Earlier this year, we covered the demise of flexible workspace operator Knotel.
The once high-flying startup had just announced it had filed for bankruptcy and that its assets were being acquired by investor and commercial real estate brokerage Newmark for a reported $70 million.
It was a hard fall for a company that just one year prior had been valued at $1.6 billion.
It was hard to pinpoint exactly the beginning of the end for Knotel, which had raised about $560 million in funding. Some said the pandemic was the nail in Knotel’s coffin, while others pointed out the company was already in trouble before the pandemic hit, facing a number of lawsuits and evictions.
Then this past weekend, Knotel co-founder Amol Sarva shed some more light on the situation — essentially publicly trashing Newmark, which had co-led the startup’s $70 million Series B in 2018.
In a letter that he emailed to an unspecified group of people, Sarva points out that the company had reached “nearly $400mm of run rate in early 2020, posted gross profit, and even kept more than 2/3 of revenue intact while doing everything we could to support customer continuity and work with landlord partners amicably.”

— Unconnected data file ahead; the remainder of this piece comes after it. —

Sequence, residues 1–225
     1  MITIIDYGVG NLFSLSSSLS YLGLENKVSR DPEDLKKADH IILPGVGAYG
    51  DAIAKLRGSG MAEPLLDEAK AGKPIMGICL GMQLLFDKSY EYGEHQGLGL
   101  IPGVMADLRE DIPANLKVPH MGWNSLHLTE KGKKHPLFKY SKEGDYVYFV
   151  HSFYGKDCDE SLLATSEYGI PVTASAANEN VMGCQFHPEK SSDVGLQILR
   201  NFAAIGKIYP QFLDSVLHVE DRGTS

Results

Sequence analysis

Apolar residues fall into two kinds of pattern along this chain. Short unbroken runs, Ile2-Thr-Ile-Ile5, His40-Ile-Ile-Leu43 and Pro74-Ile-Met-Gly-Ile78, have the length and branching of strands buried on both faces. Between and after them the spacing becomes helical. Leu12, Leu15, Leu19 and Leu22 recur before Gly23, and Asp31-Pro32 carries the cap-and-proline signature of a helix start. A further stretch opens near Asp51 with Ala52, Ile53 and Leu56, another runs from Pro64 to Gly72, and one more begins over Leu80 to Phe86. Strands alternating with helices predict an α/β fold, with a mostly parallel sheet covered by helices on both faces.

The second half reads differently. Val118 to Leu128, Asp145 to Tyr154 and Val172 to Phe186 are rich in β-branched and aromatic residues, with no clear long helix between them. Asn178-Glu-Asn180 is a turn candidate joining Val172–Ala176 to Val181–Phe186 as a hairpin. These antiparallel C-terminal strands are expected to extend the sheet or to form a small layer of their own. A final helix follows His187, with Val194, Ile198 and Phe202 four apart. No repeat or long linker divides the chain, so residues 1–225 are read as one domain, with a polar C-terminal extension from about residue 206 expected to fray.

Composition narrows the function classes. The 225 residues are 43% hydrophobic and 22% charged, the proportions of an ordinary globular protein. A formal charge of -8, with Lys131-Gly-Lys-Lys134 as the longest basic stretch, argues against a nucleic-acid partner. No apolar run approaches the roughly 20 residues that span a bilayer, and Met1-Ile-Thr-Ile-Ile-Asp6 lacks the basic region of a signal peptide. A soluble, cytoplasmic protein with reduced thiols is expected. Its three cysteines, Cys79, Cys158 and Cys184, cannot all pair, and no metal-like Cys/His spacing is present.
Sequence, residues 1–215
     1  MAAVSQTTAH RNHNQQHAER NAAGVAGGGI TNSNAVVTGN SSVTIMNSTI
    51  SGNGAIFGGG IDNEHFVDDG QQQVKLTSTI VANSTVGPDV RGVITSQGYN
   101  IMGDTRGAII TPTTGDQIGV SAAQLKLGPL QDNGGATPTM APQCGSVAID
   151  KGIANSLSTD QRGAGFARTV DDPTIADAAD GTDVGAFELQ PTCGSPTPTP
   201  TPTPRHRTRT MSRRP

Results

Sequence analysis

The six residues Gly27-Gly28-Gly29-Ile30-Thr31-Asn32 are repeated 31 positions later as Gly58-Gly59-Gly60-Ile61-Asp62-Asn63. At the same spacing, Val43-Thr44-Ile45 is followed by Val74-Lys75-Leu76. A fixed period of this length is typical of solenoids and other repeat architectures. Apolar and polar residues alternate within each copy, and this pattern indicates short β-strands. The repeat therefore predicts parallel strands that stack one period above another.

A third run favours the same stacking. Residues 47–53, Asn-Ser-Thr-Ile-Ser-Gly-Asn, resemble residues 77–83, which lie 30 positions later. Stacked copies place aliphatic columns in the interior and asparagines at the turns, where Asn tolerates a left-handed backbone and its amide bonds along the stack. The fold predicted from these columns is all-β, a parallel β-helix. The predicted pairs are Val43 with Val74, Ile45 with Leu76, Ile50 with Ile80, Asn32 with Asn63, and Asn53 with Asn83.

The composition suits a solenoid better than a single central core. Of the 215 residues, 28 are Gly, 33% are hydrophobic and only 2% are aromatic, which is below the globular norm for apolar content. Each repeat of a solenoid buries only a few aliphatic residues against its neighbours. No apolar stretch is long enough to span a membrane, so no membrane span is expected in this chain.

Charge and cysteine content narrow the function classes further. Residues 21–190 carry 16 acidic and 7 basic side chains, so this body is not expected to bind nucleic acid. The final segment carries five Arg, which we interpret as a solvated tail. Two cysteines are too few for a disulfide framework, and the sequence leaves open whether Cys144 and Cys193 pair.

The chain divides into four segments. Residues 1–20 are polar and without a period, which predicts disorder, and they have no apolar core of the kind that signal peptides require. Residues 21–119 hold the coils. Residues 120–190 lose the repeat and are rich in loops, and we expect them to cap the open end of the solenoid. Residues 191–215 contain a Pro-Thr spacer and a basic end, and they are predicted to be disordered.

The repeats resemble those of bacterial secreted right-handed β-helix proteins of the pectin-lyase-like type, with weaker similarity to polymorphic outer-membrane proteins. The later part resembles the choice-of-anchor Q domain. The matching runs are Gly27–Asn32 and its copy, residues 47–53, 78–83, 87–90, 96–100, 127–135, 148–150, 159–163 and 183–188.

He went on to describe Newmark as “a stalking horse” that used bankruptcy to take control of Knotel with around $100 million of new capital. That process, he said, undermined important relationships and “hurt lots of customers and partners.”
“I’m so disappointed that this was the direction pressed. The process made clear to me that I would not choose to be part of the new owners’ way of moving forward,” Sarva continued.
He went on to further criticize Newmark, saying the brokerage has hired “a group of Adam Neuman-era (sic) WeWork bros to lead the company forward.”
Newmark had not yet responded to a request for comment at the time of writing. While it’s safe to say that Sarva is bitter about the way things turned out, it would be interesting to know exactly at what point he came to this conclusion.
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